The U.S. Department of Labor notes that garnishment occurs when an individual fails to pay a debt and, as a result, his creditor sues him for the debt, wins and requests a writ of garnishment from the court. A creditor with a valid writ of garnishment may garnish both wages and bank accounts.
Military retirement pay is exempt from wage garnishment for most debts owed to private companies such as collection agencies, hospitals and credit card companies. Military pensions maintain their exempt status after the retiree receives the funds and deposits them into her bank account.
Exceptions to the exemption rule include: debts owed to the government, unpaid child support and unpaid alimony. In these cases, the government can withhold a portion of the retiree’s pension and direct it to the appropriate party or department.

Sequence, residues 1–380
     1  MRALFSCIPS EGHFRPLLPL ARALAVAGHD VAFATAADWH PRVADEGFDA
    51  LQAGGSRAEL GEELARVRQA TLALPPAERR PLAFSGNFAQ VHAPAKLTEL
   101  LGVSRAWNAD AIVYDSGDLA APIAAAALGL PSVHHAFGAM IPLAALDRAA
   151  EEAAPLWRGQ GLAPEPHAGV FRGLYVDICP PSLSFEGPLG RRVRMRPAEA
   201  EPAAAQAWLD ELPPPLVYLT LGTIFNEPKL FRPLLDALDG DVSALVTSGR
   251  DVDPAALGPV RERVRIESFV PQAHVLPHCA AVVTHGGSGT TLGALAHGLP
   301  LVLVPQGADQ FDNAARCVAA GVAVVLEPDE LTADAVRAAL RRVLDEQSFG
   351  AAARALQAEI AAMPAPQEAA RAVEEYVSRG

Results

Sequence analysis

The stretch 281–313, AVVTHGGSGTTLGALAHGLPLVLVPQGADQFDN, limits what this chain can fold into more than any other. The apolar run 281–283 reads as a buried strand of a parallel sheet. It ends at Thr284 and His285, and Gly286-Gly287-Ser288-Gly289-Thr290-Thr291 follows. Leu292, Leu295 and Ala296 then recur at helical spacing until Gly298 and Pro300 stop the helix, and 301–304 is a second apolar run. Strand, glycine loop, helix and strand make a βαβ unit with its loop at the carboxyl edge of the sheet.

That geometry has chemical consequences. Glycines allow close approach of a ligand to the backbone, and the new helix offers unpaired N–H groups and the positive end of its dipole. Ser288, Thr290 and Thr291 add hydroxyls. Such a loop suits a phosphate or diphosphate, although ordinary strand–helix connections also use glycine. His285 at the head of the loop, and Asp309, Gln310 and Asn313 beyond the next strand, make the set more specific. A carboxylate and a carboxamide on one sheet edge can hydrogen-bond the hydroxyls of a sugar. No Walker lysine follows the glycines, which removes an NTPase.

If a private creditor obtains a writ of garnishment and uses it to seize a veteran’s bank accounts, the individual must fill out an exemption claim form detailing the type and amount of exempt funds the account contains. If a retiree fails to claim his military retirement benefits as an exemption, the creditor will seize them.
Ciele Edwards holds a Bachelor of Arts in English and has been a consumer advocate and credit specialist for more than 10 years. She currently works in the real-estate industry as a consumer credit and debt specialist. Edwards has experience working with collections, liens, judgments, bankruptcies, loans and credit law.